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Washington, D.C. – Noting a recent study that revealed more than 1.5 million Americans are injured each year by drug errors in hospitals and doctor’s offices, U.S. Senator Mike Enzi, R-WY, Chairman of the Senate Health, Education, Labor and Pensions Committee (HELP Committee) today praised the House of Representatives for approving the "Health Information Technology Promotion Act," H.R. 4157. The Senate passed similar legislation, the "Wired for Health Care Quality Act," S.1418, in November 2005.

"This bill will encourage the adoption of cutting edge-information technologies in health care intended to improve patient care, reduce medical errors and contribute to cost savings for health care providers," Enzi said. "I look forward to reconciling the House and Senate versions in conference as soon as possible so that we can send this bill to the President."

"All of us believe that if we move from a paper-based health care system to secure electronic medical records, we will reduce mistakes and save lives, time and money," Enzi said. "This report clearly shows the need to bring the government and the private sector together to build new electronic pathways for medical data, and thereby provide all Americans with healthcare that is better, safer and more efficient. Our bill directly addresses these concerns."

The study, released last week by the Institute of Medicine, conservatively estimated that hospitals commit 400,000 drug errors a year, costing $3.5 billion, not including lost productivity and other costs. Another 530,000 errors involving Medicare patients in out-patient facilities occur each year. Over a quarter of these medication-related injuries are preventable.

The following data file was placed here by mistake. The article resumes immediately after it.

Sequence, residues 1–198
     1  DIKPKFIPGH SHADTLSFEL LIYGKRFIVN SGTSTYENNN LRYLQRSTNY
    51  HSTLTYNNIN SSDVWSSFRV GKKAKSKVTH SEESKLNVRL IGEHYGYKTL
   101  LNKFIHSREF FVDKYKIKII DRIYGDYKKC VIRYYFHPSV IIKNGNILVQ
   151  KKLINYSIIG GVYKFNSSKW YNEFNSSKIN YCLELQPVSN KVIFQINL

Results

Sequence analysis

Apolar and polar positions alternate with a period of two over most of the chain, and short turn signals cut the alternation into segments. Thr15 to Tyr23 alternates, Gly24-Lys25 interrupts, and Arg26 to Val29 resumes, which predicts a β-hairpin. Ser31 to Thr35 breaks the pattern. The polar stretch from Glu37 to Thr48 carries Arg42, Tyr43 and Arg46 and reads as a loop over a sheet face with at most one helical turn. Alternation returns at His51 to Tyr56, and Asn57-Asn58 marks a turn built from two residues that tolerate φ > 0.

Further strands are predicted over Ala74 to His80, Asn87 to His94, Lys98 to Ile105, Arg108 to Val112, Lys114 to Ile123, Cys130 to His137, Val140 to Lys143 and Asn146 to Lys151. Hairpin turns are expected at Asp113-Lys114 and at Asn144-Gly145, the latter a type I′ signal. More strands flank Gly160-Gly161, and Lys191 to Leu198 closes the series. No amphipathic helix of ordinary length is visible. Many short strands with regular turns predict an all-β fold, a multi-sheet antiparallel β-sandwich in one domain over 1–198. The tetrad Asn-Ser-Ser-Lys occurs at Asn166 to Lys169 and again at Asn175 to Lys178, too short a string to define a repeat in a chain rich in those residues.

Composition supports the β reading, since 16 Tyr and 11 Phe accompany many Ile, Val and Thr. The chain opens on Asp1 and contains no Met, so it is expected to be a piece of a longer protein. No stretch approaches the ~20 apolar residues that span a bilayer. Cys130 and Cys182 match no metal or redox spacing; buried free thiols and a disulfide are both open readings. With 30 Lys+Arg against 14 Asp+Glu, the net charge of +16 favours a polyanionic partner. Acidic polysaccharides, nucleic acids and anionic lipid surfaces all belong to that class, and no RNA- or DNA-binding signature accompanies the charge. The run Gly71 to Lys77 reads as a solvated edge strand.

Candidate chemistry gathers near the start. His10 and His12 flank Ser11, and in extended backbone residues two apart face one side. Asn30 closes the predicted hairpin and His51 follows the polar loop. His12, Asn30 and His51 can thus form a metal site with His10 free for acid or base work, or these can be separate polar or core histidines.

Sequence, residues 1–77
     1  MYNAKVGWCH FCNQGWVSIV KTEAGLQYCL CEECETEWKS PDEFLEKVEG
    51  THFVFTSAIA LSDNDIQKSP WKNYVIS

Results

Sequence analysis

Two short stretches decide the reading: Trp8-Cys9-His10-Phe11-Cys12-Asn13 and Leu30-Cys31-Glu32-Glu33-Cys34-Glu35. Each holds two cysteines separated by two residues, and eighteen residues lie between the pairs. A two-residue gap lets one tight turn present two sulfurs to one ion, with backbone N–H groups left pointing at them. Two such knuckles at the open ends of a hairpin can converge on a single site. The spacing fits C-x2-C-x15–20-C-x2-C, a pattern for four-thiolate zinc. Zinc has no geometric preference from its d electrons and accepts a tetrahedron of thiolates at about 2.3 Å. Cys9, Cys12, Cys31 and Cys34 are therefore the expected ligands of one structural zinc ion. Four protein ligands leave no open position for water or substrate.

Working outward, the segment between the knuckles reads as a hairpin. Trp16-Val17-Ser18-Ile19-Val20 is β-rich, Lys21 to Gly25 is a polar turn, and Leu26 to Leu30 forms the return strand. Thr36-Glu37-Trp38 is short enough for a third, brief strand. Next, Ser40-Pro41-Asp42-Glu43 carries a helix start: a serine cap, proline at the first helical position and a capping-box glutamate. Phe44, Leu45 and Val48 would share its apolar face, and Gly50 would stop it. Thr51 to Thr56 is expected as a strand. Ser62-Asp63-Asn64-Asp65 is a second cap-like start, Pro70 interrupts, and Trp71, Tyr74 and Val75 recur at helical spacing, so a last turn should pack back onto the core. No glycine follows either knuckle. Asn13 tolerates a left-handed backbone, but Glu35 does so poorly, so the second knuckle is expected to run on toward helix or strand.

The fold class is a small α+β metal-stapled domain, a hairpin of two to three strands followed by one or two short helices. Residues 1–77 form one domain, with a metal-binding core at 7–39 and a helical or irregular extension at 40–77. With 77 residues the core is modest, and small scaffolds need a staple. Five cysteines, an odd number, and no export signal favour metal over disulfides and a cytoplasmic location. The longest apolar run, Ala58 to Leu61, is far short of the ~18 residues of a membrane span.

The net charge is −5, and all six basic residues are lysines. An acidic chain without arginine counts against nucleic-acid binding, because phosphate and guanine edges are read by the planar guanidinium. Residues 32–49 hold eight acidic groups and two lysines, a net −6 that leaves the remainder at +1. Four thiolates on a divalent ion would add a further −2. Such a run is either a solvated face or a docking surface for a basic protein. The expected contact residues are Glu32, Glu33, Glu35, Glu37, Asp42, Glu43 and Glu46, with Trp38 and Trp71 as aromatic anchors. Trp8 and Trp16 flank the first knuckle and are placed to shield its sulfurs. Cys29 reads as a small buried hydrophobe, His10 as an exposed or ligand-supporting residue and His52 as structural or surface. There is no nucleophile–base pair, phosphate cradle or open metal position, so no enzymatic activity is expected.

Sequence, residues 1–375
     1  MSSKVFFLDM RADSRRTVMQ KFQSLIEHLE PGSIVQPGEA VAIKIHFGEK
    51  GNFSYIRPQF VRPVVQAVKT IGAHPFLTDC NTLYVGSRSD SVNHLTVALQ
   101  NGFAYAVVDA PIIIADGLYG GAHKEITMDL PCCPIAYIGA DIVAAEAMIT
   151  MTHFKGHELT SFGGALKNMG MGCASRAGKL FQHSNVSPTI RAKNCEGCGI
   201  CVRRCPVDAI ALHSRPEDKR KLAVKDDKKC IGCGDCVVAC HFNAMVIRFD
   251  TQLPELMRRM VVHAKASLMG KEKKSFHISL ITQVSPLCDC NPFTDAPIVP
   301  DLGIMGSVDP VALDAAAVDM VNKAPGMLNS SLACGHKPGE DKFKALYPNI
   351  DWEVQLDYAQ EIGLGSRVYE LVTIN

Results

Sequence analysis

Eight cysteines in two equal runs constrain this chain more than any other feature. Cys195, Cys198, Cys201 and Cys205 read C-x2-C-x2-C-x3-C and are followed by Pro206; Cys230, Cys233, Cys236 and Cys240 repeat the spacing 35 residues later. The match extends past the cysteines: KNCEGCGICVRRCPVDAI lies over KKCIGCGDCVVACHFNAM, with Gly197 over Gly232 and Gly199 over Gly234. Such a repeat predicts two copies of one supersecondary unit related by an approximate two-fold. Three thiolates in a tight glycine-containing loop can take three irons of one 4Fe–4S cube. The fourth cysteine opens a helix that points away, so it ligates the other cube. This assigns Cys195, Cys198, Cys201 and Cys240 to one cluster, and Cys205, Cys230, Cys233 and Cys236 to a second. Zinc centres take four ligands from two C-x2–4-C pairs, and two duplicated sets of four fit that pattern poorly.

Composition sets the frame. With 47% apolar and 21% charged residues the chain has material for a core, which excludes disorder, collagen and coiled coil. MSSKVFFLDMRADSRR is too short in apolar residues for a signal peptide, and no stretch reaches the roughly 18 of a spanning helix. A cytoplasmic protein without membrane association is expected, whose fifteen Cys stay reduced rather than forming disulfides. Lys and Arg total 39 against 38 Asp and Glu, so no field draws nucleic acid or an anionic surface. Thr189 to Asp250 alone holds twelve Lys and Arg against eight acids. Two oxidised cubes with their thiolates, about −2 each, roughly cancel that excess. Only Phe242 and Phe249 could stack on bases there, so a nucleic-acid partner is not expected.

"S. 1418 will significantly reduce the number of errors that occur because of bad handwriting, hospital mix-ups, and doctors prescribing drugs without knowing what their patients are already taking," Enzi said. "It fulfills the Institute’s top recommendation, which is to improve the health information technology (health IT) infrastructure so that all prescriptions can be written electronically by 2010."

Enzi said the bill will lay the foundation for technology and information sharing among doctors, hospitals, and insurers which they believe eventually will enable all Americans going to the doctor’s office or hospital for medical care to present an electronic card or identification tag that instantly provides patient data, insurance and medical histories, wherever and whenever treatment is needed. A recent Rand Corporation study projected a potential savings of $162 billion a year for the health care industry under the initiative.

The bill will encourage private sector involvement by adopting the standard setting processes outlined in the American Health Information Collaborative. It also will establish grants to help leverage the federal government’s investment in healthcare by targeting financial resources to providers who need help to get on line.

Highlights of S.1418, the "Wired for Health Care Quality Act"

The bill directs the Secretary of HHS to:

- establish and chair the public-private American Health Information Collaborative;

- make recommendations to identify uniform national standards for adoption by the federal government to support the widespread adoption of health IT;

- award competitive grants to hospitals, group practices, and other health care providers to facilitate the adoption of health IT;

- award demonstration grants to health professions centers and academic health centers to integrate health IT into the clinical education of doctors and health care providers;

- establish a quality measurement system to ultimately reward health care providers who improve the quality of care patients receive.